Talk to your audience and be ready to change everything.


I’m speaking from very recent experience here: if your audience is not buying tickets, talk to them, ask them why, and incorporate their feedback even if it goes against your plan for the event.

Successful event management is all about being able to adapt to change quickly. The best laid plans of mice and event planners often go awry. It’s how you respond to those road bumps that will dictate whether you pull your event off successfully or pull your hair out trying.

Kramer from Seinfeld says
Kramer knows.

What happens when you feel like those road bumps just shouldn’t exist? I’m talking about when you have a amazing graphic design, the coolest promo video, expertly crafted descriptions of your event, but a week after launching your SuchCrowd you still don’t have a single ticket sold. That’s exactly the situation I found myself in.

The event was a super elaborate halloween party I’ve been conjuring and concocting for a year with a large cross-disciplinary team of talented people. It’s somewhere between a dark magic art-rave and an immersive participatory theatre and circus show. We spent the last month shooting a beautiful promo video complete with full costumes, props, special effects makeup, and pyrotechnics, which blasted around social media like wildfire.

Everyone loved it… but no one bought a single ticket.

I sat there, refreshing the SuchCrowd page every day hoping to see that dreaded 0 turn into a 1. I hated that little zero. I felt like I was watching the dream I’d had for the last year go up in smoke.


Kramer from Seinfeld smoking a cigarette comedically


Then I started to think… what does it mean? WHAT IT IS THAT LITTLE ZERO TRYING TO TELL ME!? It was trying to tell me I needed to change something. But what, exactly?

The little zero couldn’t tell what I needed to change. For that I had to go out and talk to people.


Kramer and Jerry Seinfeld are ready to go.

I talked to people who were involved in the event and knew a lot about it. I talked to people who I thought were likely to want to go to the event. I talked to people who had no idea about it. I sent them links to our content and then asked to chat. I asked people to have a look right now and talk me through their reactions and comments. I took every opportunity I could to ask people “How much do you know about it? And how did you find that information out?” “What do you think it is?” “Would you recommend it to your friends? What would you tell them?” “Why haven’t you bought a ticket?”

The feedback was at times hard to hear, but ultimately really encouraging.


I learnt a whole bunch of things over the next few days of talking with customers


People who didn’t know anything about it before talking to me:

“This looks amazing… what is it? The video is beautiful, but it doesn’t tell me anything about what the event really is. The event page doesn’t tell me either, it just keeps talking in that mysterious kinda tone.”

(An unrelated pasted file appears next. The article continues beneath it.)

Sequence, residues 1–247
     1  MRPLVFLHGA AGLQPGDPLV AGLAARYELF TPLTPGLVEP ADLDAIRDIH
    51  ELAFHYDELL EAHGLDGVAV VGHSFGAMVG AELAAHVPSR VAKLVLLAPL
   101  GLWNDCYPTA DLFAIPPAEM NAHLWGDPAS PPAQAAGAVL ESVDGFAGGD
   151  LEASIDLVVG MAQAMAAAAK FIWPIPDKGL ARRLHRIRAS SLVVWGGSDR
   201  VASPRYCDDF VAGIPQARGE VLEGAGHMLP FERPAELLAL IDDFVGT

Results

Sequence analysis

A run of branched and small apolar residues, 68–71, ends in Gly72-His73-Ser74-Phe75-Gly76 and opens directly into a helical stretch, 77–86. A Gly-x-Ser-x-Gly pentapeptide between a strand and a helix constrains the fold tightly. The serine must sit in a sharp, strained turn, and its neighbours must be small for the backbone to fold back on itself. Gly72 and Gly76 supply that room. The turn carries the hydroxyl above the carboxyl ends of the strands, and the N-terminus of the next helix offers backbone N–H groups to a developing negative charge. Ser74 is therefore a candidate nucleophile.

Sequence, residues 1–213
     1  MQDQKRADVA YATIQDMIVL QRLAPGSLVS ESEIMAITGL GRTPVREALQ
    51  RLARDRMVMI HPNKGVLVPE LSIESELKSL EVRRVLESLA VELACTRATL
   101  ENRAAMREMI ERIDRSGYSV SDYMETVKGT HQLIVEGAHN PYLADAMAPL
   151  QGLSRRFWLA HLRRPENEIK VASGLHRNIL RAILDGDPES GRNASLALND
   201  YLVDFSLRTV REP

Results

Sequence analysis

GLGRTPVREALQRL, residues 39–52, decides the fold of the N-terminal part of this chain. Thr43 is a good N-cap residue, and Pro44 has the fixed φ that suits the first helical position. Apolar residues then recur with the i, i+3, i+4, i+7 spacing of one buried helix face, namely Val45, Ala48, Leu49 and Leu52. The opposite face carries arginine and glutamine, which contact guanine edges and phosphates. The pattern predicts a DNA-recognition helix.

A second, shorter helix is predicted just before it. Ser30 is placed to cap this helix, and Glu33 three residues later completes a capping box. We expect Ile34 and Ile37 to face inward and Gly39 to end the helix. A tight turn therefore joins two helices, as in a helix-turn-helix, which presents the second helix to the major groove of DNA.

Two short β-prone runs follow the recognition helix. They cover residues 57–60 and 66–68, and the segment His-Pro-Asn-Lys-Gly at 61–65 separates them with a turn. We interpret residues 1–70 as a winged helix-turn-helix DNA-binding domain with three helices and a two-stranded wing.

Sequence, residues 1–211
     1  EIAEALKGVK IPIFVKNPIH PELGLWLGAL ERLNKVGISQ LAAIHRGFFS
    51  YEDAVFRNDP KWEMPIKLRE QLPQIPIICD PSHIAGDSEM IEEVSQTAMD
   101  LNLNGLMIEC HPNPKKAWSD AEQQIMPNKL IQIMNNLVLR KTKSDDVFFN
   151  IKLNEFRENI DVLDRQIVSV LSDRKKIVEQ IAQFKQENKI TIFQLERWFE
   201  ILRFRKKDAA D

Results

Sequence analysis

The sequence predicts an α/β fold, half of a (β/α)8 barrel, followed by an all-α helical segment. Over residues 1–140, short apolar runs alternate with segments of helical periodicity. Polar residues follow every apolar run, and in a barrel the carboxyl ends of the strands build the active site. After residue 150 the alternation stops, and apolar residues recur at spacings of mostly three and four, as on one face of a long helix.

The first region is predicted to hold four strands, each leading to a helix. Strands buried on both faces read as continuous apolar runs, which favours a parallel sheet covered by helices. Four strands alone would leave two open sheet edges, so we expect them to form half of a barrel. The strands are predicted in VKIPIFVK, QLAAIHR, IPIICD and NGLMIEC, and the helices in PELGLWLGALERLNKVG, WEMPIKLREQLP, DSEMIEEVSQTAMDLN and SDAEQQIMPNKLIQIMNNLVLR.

Solution: Break out of our deeply mysterious voice that we’d been using for all of our external communications thus far, and tell people explicitly what the event is and what they’d be paying for with their tickets.

Kramer is stunned and shocked by that idea.
People who are involved in the event and are trying to get their friends to buy tickets:

“The ticket application process is way too long and way too intimidating. You’re asking for people to provide detailed explanations of the character they’re going to come to the event as. Most people don’t have a character idea at all yet, let alone a fully formed one. It seems like you need to be a super creative person with super creative answers for the questionnaire or you won’t be given a ticket.”


We originally had a questionnaire that you had to fill out before you could buy a ticket. Now the questionnaire is optional. Originally, after filling out the ticket we’d have to send you a unique access code that allowed you to buy one ticket. Now anyone can buy tickets straight away.

Kramer is very surprised

People who are involved in the event and are trying to get their friends to buy tickets:

“There’s no incentive for my friends to buy right now. They all want to come, but they don’t see it as urgent to get tickets right now.”


Put up earlybird tickets with a $10 discount.

Kramer has lots of money
What was the result of all of this listening and changes?

Within 5 minutes of implementing these changes we had our first 3 tickets gone. One week later we had sold 30% of our minimum ticket target.

Winner, winner, chicken dinner.


Kramer is a turkey

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